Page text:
M or W: the main insights of creative industries today

Economic participation and opportunities for women, their political influence and civic engagement - these are complicated and unsolved gender issues. The British Council and PPV Knowledge conducted a study among four countries to understand how it is going on in cultural and creative industries, which stereotypes are common and how people successfully fight them.

This is what they found out.

  • The gender imbalance in employment is most striking and visible across sub-sectors, with the cultural industries dominated by women and the creative industries by men;
  • The cultural and creative industries are infested with gender-biased linguistic and mental constructs, such as breadwinner, male job / female job (мужская работа /
  • женская работа), an artist should be hungry, greenhouse environment (тепличные условия) for girls, iron balls (железные яйца), artistic female muses, mommy’s boys (маменькины сынки), naked woman poster (плакат с голой бабой).
  • Women have more chances to join culture-related sectors because they are not expected to earn as much money as men. Men tend to combine artwork with something else to earn money as they are viewed as the main breadwinners;
  • Childcare and homecare in general is a significant obstacle for women to achieve success in the creative sector;
  • Leadership positions in both business-related and culture related sectors are more likely taken by men, there are difficulties for women to occupy traditional male roles or to promote innovative ideas because of the mistrust in their professional skills and abilities;
  • Physical and intellectual abilities are often understood as different for different sexes by leaders and contributors to the creative and cultural industries which indicates the low level of gender awareness in the sector in general.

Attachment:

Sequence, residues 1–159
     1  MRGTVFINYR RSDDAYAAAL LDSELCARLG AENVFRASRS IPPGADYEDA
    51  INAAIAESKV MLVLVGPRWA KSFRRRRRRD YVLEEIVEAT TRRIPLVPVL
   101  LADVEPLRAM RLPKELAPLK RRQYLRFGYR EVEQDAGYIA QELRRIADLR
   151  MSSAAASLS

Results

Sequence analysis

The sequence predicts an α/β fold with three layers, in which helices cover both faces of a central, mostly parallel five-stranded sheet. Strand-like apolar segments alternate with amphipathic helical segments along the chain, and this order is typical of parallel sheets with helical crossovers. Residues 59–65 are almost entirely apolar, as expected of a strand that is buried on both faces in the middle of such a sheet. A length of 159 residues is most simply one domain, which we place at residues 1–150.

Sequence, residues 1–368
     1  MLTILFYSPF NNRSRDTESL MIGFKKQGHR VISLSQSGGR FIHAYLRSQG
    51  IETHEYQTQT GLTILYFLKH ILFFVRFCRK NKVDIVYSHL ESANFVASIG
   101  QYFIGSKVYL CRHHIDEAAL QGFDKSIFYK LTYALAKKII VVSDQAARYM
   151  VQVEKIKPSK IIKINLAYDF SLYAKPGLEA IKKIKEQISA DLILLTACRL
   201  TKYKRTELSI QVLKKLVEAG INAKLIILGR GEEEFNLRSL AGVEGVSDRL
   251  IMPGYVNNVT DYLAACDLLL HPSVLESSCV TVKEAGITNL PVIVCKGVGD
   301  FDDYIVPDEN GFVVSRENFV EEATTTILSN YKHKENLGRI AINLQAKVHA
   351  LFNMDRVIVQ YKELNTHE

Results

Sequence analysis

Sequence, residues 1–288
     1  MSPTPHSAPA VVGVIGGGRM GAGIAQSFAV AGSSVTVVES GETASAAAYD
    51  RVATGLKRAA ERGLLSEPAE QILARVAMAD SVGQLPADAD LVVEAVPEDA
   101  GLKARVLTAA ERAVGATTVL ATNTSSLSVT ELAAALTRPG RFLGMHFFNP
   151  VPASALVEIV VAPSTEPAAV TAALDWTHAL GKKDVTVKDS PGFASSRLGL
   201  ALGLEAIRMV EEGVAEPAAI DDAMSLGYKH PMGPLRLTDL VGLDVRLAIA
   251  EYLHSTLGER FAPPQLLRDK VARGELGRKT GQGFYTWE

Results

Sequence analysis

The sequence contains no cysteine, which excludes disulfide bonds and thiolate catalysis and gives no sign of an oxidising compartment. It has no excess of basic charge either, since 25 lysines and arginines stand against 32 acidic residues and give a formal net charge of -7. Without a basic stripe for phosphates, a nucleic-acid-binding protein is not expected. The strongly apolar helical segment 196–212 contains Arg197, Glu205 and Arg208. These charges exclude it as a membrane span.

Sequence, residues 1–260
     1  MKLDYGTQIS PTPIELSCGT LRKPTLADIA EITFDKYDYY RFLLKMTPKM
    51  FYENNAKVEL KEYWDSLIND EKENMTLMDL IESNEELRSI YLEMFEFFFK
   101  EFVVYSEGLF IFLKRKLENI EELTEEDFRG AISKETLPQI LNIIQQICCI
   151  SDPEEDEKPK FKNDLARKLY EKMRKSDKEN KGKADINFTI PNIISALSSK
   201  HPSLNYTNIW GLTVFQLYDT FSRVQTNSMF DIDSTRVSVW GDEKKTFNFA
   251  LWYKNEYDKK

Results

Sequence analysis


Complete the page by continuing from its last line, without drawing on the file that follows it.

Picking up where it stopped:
Fighting these stereotypes is difficult, but real. And there is a piece of evidence. For example, Evgenia Gubkina, who works at the Urban forms center, proved this.

"At the architecture university, to design like a girl meant bad. Professors could say, “You have a girly drawing” to a boy or a girl, and it was the worst you could ever be told. And from the very first year I was like a boy, as if being a girl was something you should be ashamed of.

Then other girls and I organized a series of talks about women who were cool architects. We wanted to show to ourselves and to the others how great they were. We started from just collecting success stories and images. We had a joke that men are not allowed to come. It was a kind of game for us back then, and we liked it. But now, after I have been professionally researching women in architecture for many years and organizing the Modernistki [female Modernists] conference, I understand why in such a hierarchical profession it is difficult when a male architect takes part in a discussion. Probably for a while, women architects should have space to communicate on their own. 

Now I am organizing the Modernistki International Conference on gender issues in art, architecture and urban planning. Also I am working with young girls who are studying architecture. We want to give them what is missing at the university: the social sensitivity of an architect. They say that if you want to establish democracy, you should work with architects because they create the environment we live in. Architects define how society will be organized in space. Architecture is about relationships between people, not about buildings". 

 

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